By Tamsin Gregory, St Giles Trust
The County Lines Were Not In Quarantine
Despite the arrival of the vaccine giving us some light at the end of the tunnel, worries about jobs, health and finances prevail as we enter what will undoubtedly be an uncertain period post-lockdown.
The people St Giles supports were keenly feeling these worries and the advent of Covid exacerbated them further. Clients we had previously successfully supported into stable homes and employment returned to us once more as they become laid off as a result of the lockdown. Financial worries and mental health issues soared. Some of our caseloads trebled overnight.
There was an equally worrying trend happening in our services helping young people involved in or at risk of criminal exploitation. Paradoxically, referrals to these services took a dip. However, our caseworkers interpreted this as a warning sign and for good reasons. They have their ears to the ground and – delving further – discovered the county line gangs were certainly not in quarantine but still very much operating.
County lines is a term used mainly by professionals to describe vulnerable (typically young but not always) people who are exploited by criminal gangs into transporting and dealing drugs in regional towns and suburban areas where demand is high but there is less competition for supply. Young people themselves use their own terms – going cunch, OT (out there), going country.
County lines is a business and so the gangs simply changed their model the same as any legitimate one. Restrictions meant young people travelling alone were highly visible and likely to be picked up by the police. As a result, there has been a move towards local dealing rather than making young people travel long distances. The use of young women to ferry drugs increased as they were less likely to be stopped by the authorities.
These factors meant vulnerable young people continued to suffer at the hands of those criminally exploiting them. But the usual signals and indicators of exploitation became less apparent and therefore alarm bells were not ringing as they would have done previously.
Our caseworkers were working round the clock to stay in touch with their young clients through the lockdown. Without regular, sustained contact young people would become increasingly at risk. Many of their parents were struggling financially and we were concerned that young people would drift into drug running to bring much needed income into their households.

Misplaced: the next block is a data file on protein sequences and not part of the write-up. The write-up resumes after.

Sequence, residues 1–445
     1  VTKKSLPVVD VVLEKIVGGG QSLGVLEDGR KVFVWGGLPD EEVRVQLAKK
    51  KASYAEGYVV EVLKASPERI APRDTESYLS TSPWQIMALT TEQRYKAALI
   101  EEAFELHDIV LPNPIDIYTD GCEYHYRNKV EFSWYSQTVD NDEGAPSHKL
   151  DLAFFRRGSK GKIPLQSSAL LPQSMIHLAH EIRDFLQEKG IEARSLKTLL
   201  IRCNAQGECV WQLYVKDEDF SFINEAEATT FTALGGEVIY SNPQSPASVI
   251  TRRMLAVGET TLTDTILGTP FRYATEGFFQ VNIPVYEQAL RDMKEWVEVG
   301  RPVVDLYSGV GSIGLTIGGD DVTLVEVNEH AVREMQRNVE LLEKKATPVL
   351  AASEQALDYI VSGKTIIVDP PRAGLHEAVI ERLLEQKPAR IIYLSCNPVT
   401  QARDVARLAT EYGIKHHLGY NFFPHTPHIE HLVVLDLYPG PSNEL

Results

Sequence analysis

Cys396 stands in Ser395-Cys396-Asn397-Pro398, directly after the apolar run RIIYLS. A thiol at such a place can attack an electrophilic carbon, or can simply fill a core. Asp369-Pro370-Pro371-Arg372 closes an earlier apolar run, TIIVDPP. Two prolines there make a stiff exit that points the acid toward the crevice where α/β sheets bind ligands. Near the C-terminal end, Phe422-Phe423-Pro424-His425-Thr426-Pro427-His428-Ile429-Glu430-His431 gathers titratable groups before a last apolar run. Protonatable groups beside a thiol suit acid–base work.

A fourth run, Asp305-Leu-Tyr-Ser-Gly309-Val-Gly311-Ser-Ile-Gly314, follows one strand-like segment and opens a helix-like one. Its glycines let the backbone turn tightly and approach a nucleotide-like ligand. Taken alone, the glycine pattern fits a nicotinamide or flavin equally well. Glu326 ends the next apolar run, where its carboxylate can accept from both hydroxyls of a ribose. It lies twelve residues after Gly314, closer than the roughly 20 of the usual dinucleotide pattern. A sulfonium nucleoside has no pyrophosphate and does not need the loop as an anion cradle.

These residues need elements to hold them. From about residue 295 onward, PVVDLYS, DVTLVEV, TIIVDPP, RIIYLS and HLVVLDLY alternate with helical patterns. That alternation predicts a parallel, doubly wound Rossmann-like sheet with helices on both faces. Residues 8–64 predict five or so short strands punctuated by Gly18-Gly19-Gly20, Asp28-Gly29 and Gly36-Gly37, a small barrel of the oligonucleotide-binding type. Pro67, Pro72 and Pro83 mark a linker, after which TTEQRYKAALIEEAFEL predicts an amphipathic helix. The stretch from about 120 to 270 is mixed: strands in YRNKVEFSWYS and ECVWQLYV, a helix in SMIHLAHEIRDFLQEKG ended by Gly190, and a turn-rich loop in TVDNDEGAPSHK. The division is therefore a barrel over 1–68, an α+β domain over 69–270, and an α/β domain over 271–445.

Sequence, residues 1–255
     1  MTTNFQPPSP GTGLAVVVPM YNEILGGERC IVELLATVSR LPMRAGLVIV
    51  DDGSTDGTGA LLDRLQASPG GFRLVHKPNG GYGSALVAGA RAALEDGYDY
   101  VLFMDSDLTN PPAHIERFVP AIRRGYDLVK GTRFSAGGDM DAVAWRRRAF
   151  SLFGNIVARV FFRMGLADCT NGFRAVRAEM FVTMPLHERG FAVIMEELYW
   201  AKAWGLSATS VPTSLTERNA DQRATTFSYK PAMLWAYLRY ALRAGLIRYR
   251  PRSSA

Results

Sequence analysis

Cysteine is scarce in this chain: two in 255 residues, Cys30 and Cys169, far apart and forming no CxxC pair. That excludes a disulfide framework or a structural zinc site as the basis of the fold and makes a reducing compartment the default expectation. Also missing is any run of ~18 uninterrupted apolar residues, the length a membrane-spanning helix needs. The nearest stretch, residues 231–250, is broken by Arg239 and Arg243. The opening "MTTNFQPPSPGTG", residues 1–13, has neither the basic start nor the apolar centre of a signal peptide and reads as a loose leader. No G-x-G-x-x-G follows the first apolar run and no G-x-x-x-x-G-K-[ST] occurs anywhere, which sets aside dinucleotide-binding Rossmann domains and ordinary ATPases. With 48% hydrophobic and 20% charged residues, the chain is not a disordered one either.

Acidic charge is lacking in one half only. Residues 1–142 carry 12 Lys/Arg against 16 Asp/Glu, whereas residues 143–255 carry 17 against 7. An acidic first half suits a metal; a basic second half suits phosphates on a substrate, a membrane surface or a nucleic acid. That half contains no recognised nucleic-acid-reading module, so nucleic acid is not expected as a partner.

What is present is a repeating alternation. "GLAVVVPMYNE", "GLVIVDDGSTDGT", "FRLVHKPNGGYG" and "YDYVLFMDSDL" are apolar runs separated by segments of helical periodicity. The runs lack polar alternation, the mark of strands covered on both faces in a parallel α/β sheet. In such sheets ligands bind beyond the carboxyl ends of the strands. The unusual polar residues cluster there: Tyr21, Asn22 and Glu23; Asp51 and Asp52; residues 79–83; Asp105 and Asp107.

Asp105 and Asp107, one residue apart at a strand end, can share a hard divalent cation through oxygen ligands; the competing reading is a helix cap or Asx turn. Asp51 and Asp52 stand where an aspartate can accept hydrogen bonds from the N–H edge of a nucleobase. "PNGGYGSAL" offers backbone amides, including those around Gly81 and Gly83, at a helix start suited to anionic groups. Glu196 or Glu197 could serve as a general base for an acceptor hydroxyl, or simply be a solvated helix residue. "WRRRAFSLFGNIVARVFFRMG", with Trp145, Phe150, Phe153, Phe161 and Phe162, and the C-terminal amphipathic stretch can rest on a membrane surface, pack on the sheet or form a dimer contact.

Lockdown had it’s upside too. From April to December last year – months when we were mainly under restrictions – we helped 966 young people leave county lines. Despite the boredom of lockdown it presented young people with an opportunity to steer clear of negative influences, work intensively with their caseworker and make positive progress. Alongside county line exit, many re-engaged with education, gained new skills and sometimes employment.
However, for many of the most vulnerable or entrenched in county lines, their already dire circumstances often got worse. The psychological trauma of being involved in a county line is immense. Young people experience and witness incidents that are more akin to being on the frontline of a conflict zone. Many suffer from PTSD and we need to ensure that services are trauma-informed and have mental health support as part of their offer.
These experiences tell us that just as county lines are continually changing our responses to them also need to follow suit. Just because a young person isn’t travelling or missing from school doesn’t mean there is no county lines involvement. A young person dealing drugs in their home areas isn’t necessarily any less vulnerable than one doing so 200 miles away.
The impacts of Covid pose challenges for many children and young people in the UK in terms of lost education, mental health consequences and unemployment. However, for the ones we support we are worried these factors could have a disproportionate impact. Over the coming months we will be redoubling our efforts into ensuring that they are cushioned from this as best we can. If we act now, we can level the playing field and help the young people we support benefit from the same opportunities as everyone else.